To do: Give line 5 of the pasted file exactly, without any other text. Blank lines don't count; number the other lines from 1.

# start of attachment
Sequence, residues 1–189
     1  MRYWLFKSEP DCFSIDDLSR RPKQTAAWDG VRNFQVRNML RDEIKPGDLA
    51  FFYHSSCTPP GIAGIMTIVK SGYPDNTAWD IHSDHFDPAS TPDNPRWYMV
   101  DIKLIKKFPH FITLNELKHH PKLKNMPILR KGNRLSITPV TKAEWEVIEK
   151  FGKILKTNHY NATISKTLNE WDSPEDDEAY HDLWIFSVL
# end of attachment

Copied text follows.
   151  FGKILKTNHY NATISKTLNE WDSPEDDEAY HDLWIFSVL